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Duty to inform about the investigation (917,-666)

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Keywords: Duty to inform about the investigation
Total judgments found: 7

  • Judgment 4237


    129th Session, 2020
    World Health Organization
    Extracts: EN, FR
    Full Judgment Text: EN, FR
    Summary: The complainant challenges the decision – taken after his resignation – to find him guilty of serious misconduct, and the decision to withhold from his separation entitlements an amount corresponding to financial losses allegedly incurred by WHO as a result of his misconduct.

    Consideration 10

    Extract:

    There is no obligation to inform a staff member that an investigation into certain allegations will be undertaken (see Judgment 2605, under 11).

    Reference(s)

    ILOAT Judgment(s): 2605

    Keywords:

    duty to inform about the investigation;

    Consideration 10

    Extract:

    Moreover, there is no principle in the Tribunal’s case law which requires that an official should receive detailed information about the allegations prior to the investigation interview (see Judgment 4106, under 9).

    Reference(s)

    ILOAT Judgment(s): 4106

    Keywords:

    duty to inform about the investigation;



  • Judgment 4106


    127th Session, 2019
    International Labour Organization
    Extracts: EN, FR
    Full Judgment Text: EN, FR
    Summary: The complainant contests the decision to apply to him the sanction of discharge.

    Consideration 9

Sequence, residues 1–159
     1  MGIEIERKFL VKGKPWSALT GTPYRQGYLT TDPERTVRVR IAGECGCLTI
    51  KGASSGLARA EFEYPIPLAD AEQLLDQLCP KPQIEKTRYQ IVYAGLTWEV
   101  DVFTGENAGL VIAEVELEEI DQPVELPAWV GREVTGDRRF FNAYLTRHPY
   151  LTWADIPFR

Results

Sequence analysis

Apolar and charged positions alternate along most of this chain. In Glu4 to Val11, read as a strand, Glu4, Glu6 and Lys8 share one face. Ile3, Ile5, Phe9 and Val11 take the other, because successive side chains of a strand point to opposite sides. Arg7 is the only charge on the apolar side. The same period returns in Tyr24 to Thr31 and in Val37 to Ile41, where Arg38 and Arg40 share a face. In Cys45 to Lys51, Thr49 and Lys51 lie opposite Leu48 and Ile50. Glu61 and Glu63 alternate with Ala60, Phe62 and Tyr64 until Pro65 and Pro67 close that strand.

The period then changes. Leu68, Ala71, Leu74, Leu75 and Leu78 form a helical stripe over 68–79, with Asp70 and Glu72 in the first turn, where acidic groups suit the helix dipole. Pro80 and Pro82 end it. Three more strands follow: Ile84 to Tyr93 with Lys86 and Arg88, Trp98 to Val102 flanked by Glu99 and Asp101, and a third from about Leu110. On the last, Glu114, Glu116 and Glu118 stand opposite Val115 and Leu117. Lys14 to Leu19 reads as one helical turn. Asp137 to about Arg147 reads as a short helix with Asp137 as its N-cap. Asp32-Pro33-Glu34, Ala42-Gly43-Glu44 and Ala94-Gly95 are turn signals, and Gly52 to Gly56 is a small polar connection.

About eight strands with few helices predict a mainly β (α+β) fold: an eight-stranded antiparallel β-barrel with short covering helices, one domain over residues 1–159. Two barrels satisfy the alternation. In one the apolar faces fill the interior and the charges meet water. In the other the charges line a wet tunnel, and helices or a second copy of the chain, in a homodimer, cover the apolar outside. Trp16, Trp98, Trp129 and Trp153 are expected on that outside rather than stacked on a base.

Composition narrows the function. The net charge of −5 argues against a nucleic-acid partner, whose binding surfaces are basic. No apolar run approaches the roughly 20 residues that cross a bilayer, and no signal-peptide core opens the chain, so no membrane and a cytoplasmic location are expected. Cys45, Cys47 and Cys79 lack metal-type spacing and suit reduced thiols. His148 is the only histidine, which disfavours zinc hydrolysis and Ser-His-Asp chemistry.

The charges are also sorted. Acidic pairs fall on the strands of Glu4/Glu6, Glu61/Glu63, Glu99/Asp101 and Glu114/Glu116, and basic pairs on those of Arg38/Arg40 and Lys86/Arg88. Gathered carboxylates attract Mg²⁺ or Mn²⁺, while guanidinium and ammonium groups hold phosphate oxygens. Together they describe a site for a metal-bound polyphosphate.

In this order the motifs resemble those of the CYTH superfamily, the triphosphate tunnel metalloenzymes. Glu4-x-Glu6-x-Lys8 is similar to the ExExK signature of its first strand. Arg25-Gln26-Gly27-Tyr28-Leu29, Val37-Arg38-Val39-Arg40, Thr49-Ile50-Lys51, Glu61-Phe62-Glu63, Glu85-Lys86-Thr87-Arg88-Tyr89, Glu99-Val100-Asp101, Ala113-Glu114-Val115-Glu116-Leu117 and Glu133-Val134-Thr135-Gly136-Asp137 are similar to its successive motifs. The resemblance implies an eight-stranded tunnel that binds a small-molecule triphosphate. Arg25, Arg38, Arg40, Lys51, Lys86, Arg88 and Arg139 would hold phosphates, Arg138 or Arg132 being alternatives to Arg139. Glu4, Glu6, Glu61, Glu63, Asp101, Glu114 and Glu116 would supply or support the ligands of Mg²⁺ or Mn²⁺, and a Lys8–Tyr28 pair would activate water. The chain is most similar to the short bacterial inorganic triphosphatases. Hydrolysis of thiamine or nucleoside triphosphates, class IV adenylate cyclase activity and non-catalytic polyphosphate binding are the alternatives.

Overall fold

Extract:

    [T]he requirement spelled out in the Tribunal’s case law that “an investigation be conducted in a manner designed to ascertain all relevant facts without compromising the good name of the employee and that the employee be given an opportunity to test the evidence put against him or her and to answer the charge made” (see Judgments 2475, under 7, 2771, under 15, 3200, under 10, 3315, under 6, 3682, under 13, 3872, under 6, and 3875, under 3) was respected in the present case. At the outset, it is observed that there is no obligation to inform a staff member that an investigation into certain allegations will be undertaken (see Judgment 2605, under 11). The evidence shows that the complainant was informed at the outset of the investigation interview that the interview related to allegations of misconduct and that he was given the opportunity to weigh the evidence presented, respond to the allegations, and to provide any evidence or name any witnesses to support his responses. He was also given the opportunity to submit any further evidence or information in his defence prior to the conclusion of the investigation. There is no principle in the Tribunal’s case law which supports the complainant’s claim that he should have received detailed information about the allegations prior to the investigation interview.